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Utah's Back Roads Often Risky Routes for Human Trafficking

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BLANDING, Utah (AP) -- Immigrant smugglers are increasingly using Utah's winding back roads rather than more heavily patrolled routes.

Officials say that is making already dangerous journeys more hazardous and putting people farther from emergency help.

Utah Highway Patrol Sergeant Rick Eldredge stopped several carloads of immigrants just one day after this week's fatal rollover that killed eight of 14 people crammed into a Chevy Suburban.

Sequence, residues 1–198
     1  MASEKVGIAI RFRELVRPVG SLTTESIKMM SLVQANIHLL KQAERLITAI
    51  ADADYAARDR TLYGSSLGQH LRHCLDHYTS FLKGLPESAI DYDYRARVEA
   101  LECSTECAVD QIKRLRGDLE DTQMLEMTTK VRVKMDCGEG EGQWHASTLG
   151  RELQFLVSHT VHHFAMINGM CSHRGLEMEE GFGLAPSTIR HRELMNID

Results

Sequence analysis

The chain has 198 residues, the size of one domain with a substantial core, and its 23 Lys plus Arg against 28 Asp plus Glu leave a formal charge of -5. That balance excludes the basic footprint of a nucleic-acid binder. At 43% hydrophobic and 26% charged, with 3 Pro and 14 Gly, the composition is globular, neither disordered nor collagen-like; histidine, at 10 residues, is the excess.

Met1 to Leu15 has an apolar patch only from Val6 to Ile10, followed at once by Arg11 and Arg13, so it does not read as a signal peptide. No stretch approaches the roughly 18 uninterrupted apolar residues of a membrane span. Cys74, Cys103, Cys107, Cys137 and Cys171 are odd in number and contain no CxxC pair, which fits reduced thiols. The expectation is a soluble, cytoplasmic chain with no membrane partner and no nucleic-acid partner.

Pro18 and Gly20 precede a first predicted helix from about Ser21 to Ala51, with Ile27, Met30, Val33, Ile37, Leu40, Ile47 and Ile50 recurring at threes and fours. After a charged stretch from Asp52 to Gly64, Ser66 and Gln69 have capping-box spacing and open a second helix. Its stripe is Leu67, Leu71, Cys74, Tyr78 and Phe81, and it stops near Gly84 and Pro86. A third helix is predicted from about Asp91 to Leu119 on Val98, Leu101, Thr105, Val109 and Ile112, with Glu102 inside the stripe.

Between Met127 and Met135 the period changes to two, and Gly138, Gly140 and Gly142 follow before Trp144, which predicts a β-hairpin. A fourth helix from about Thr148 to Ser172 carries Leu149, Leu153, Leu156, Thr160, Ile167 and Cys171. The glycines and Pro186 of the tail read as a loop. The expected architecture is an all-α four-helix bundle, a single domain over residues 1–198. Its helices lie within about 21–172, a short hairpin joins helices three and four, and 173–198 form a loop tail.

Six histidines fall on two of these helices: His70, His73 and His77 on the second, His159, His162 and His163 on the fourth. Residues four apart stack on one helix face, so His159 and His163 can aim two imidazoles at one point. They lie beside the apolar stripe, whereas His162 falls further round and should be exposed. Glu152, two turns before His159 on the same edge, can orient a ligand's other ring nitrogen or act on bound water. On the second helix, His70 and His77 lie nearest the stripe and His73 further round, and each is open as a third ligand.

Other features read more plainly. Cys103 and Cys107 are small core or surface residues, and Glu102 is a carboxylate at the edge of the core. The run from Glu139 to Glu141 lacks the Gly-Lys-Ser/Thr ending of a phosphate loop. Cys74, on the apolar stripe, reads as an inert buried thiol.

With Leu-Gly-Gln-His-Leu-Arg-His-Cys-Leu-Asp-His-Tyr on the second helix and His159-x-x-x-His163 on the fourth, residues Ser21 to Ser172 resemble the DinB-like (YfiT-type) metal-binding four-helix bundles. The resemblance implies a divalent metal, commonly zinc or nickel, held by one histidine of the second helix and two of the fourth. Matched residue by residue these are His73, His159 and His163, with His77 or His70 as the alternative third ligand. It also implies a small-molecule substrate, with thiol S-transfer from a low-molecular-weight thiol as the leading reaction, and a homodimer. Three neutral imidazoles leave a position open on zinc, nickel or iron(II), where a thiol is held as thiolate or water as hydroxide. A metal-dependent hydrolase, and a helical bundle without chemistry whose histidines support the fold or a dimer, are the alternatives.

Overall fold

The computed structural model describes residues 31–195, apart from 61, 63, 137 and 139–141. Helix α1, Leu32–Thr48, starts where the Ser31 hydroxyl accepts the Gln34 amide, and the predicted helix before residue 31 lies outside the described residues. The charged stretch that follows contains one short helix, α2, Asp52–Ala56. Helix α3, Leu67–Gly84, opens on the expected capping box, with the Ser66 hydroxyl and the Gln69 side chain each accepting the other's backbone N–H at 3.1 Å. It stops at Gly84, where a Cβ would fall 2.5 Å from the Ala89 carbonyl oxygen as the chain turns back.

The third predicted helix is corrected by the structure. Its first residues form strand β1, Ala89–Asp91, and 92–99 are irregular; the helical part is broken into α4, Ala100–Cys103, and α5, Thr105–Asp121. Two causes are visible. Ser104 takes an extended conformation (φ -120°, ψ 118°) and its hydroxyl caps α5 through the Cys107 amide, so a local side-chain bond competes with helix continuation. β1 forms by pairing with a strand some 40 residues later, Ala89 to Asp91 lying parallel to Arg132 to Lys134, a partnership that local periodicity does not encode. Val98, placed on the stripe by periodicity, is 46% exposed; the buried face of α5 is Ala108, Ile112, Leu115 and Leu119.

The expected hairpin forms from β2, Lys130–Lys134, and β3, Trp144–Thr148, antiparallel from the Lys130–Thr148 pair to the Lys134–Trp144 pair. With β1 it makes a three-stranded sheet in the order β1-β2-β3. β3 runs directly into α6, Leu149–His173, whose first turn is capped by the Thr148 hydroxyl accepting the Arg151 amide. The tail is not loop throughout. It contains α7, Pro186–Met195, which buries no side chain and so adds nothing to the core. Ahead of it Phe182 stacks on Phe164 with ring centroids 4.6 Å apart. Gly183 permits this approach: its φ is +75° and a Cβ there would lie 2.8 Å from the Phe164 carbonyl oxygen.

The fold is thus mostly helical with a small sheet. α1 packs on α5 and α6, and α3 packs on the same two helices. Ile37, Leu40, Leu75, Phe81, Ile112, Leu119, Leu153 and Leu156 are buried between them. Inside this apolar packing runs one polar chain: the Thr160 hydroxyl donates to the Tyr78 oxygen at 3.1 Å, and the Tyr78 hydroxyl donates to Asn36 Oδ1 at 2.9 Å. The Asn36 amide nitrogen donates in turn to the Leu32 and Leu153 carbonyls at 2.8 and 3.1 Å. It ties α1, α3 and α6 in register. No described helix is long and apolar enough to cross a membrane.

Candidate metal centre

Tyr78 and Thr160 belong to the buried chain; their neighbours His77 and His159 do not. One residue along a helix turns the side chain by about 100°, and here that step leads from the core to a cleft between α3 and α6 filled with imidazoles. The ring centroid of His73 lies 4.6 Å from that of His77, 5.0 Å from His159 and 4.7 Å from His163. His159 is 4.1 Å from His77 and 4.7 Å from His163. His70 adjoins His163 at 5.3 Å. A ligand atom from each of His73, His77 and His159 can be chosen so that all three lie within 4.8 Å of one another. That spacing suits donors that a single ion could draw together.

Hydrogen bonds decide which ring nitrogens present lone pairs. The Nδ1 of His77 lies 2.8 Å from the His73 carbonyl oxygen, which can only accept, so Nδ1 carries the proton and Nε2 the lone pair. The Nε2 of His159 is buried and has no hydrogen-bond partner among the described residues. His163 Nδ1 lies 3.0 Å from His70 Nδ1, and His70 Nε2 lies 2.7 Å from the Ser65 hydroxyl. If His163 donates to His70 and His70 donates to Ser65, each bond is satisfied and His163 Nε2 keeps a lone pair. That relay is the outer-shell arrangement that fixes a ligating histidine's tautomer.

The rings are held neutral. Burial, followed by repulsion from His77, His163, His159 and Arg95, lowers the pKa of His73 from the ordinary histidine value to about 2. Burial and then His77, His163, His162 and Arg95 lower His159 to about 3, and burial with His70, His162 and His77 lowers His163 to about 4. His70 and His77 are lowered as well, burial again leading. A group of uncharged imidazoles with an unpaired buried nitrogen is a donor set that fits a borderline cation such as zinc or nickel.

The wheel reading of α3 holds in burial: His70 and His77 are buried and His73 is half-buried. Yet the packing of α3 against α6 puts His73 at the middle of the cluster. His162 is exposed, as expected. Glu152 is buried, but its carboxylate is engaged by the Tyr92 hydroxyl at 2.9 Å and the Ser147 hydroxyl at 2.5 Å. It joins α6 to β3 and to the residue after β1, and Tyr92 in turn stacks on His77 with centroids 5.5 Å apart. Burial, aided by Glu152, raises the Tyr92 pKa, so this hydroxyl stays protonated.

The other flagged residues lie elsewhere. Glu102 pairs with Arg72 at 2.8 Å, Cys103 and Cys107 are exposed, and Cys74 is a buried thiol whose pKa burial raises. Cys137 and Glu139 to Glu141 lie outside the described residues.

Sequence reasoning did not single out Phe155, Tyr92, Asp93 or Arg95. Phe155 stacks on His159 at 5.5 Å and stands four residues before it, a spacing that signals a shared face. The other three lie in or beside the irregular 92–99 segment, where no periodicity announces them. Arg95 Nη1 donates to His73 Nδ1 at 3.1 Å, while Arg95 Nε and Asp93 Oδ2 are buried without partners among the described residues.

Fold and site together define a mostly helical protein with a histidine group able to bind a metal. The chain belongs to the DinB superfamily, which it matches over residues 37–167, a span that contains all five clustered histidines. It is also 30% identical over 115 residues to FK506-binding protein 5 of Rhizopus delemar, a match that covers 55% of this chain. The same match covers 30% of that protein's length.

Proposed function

But this time he wasn't on U-S Highway 191 where Monday's crash occured. He was on State Road 261. It's a winding two lane road that has a long unpaved stretch.

Eldredge says because traffic is so sparse on the road no one would come along quickly to report it if there were a crash.

The UHP doesn't keep official statistics but says anecdotal evidence shows immigrant smugglers began taking the alternate routes about three or four years ago.


Information from: The Salt Lake Tribune

(Copyright 2007 by The Associated Press. All Rights Reserved.)

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